Also, I'm afraid, my problem is rather fighting carbon monoxide (or carbon dioxide, if I shut windows close properly) levels, anyway.
 

Notebook

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This sounds awfull SiberianTiger, take care.

N.
 

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I remember as a kid cracking water using a transformer from a HO scale race car track. Just make sure you vent the Hydrogen. I don't know it that would be enough production or not.
 

N_Molson

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Found on some in-door gardening site :

The recommended number of plants is 2 for every 100 square feet of interior space (assuming 8 to 10 feet ceilings) with groupings of plants being helpful. The more leaves the plant has, the better. Covering potting soil with a layer of aquarium gravel will help reduce mold spores. Even four or five plants in a room can make a difference in air quality. Some of the best plants for cleaning air indoors are:
  • Chinese Evergreen
  • Gerbera Daisy
  • Aloe Vera
  • English Ivy
  • Bamboo
  • Palm
  • Banana
  • Spider Plant
  • Mum
  • Heart-Leaf Philodendron
  • Janet Craig
  • Devil’s Ivy
  • Split-Leaf Philodendron
  • Warneckie Snake Plant
  • Ficus (Weeping Fig)
  • Corn Plant
  • Peace
  • Lily Madagascar Dragon Tree
  • Umbrella Plant
  • Arrowhead Plant

[FONT=verdana, arial, helective]You've got plenty of choice !

For the night : like I said, the O²/CO² balance is still very positive towards O². Depending of the size of your rooms and the quantity of plants you have, you can open the windows at night, or not. If your home was sealed, the O² concentration would rise over the days, since the balance is positive (of course, human beings degrade the overall balance because we reject huge amounts of CO²).

Plants, like all (known) living beings breath O² and reject CO² (but almost nothing in comparison of an human being). During the day (when they have light), they degrade the CO² by [ame="http://en.wikipedia.org/wiki/Photosynthesis"]photosynthesis[/ame]
[/FONT] : using water (H2O) molecules, they extract C from the air to use it as a "building material" (glucose, a raw sugar).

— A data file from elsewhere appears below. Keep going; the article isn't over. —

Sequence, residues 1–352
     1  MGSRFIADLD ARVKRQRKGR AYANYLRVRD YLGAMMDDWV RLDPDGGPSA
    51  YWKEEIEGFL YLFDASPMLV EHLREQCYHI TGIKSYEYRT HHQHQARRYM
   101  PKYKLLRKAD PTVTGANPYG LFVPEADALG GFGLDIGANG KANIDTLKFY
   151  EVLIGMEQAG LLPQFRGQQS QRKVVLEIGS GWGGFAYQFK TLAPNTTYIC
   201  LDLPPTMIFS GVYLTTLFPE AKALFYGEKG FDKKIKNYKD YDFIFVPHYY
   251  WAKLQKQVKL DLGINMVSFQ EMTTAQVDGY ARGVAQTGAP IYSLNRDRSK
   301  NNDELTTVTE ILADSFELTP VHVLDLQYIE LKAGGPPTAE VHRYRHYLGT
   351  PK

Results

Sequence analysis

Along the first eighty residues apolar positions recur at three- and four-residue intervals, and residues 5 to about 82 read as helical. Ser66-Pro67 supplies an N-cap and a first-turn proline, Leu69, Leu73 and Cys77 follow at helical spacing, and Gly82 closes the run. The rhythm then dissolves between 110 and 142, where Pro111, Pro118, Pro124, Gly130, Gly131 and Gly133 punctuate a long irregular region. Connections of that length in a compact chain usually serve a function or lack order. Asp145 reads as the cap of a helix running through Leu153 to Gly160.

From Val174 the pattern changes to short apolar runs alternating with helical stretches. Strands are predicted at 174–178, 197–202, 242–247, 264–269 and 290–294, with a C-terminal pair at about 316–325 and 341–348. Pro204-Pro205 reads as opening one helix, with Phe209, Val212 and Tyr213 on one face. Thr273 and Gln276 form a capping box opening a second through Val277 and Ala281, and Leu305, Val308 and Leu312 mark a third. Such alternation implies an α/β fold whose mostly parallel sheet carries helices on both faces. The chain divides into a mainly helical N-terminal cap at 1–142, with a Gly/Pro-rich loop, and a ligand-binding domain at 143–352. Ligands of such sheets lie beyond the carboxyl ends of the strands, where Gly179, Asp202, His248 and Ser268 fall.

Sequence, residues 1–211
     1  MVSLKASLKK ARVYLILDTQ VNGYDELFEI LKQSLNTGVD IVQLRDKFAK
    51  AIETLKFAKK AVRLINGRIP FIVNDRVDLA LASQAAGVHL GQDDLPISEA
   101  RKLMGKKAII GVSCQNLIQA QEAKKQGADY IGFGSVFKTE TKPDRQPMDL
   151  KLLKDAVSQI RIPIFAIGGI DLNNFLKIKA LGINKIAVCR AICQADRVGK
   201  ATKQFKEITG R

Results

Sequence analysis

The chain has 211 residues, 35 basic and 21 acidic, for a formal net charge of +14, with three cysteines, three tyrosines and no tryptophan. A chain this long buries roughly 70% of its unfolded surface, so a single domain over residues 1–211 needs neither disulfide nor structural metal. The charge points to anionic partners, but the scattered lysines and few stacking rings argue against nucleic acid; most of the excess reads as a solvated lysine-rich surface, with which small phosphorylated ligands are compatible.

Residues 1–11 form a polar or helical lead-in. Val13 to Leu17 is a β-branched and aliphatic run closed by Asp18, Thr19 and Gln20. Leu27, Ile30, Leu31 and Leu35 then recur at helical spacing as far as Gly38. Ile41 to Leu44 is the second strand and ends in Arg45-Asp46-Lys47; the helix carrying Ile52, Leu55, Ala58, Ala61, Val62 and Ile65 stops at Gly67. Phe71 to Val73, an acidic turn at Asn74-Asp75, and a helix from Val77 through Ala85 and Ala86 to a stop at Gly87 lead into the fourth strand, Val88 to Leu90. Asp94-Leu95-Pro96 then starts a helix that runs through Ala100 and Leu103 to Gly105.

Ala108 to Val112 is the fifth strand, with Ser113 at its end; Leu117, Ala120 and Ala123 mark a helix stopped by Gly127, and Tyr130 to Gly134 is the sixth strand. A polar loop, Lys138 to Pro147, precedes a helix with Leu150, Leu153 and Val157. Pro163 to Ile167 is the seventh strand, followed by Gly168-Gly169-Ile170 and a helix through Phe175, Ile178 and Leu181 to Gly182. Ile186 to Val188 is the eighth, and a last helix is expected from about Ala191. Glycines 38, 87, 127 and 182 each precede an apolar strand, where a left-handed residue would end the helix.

350px-Photosynthesis_equation.svg.png


As you see we get... 6O² molecules, which are useless for the plant (that breath very little amounts of O²) ! Those molecules are directly rejected in the air through the foliage.

So we win on 2 sides : CO² is destroyed and O² is generated :)

Oh, and Potassium Nitrate is an excellent fertilizer to boost the plants, BTW ! :p
 

SiberianTiger

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I remember as a kid cracking water using a transformer from a HO scale race car track. Just make sure you vent the Hydrogen. I don't know it that would be enough production or not.

I read a space computer power source is great for that, you only need to have proper electrodes (and of course, think about separation of resulting gases).
 

pattersoncr

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Hmm, a man needs 550 litres or 24.75 moles of oxygen a day. How much of that stuff I have to convert for a daily run?

According to Wikipedia, Sodium Chlorate produces, "6.5 man-hours of oxygen per kilogram of the mixture."

Also, I'm afraid, my problem is rather fighting carbon monoxide (or carbon dioxide, if I shut windows close properly) levels, anyway.

You're right, in a closed environment, CO2 buildup will kill you long before Oxygen depletion.

I read a space computer power source is great for that, you only need to have proper electrodes (and of course, think about separation of resulting gases).

Gas separation isn't very technically challanging. H2 will collect at the cathode, O2 will collect at the annode. Just make sure the electrodes are on opposite sides of a gas-proof barrier.
 

N_Molson

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If you try Electrolysis, put a lot of salt in the water. It will greatly improve the process, since salted water conducts electricity better than clean water.

I did that when I was at school. We used "Low Frequency Power Generators" (12V), in one hour the result was impressive. A column of bubbles rose from each electrode, we had to put a tube over each column of bubbles.

At the end, the teacher took a H² filled tube, and closed a lighted match from it. H² exploded with a funny loud noise, but nothing was visible (no smoke, no flame). Here's the exact schematic :

240px-Schemas_electrolyse_h2o.jpg


For the electrode, we used Zinc (Zn) and Copper (Cu) if I remember well. The idea is that ionic molecules migrate from an electrode to the other.

Signs that the device works : one column of bubbles over each electrode, and with the time you'll get a deposit of Cu on the Zn electrode and the inverse.

You'll produce a greater volume of H², because it's a lighter molecule.
 

T.Neo

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Some sort of plant-based method would be best, but I don't know how much oxygen it could practically produce.

I don't know the characteristics of the air there with all that terrible smog, but there is bound to be some oxygen in the air already. Perhaps filtering out the bad stuff (i.e. carbon monoxide and small particles) would be the ideal.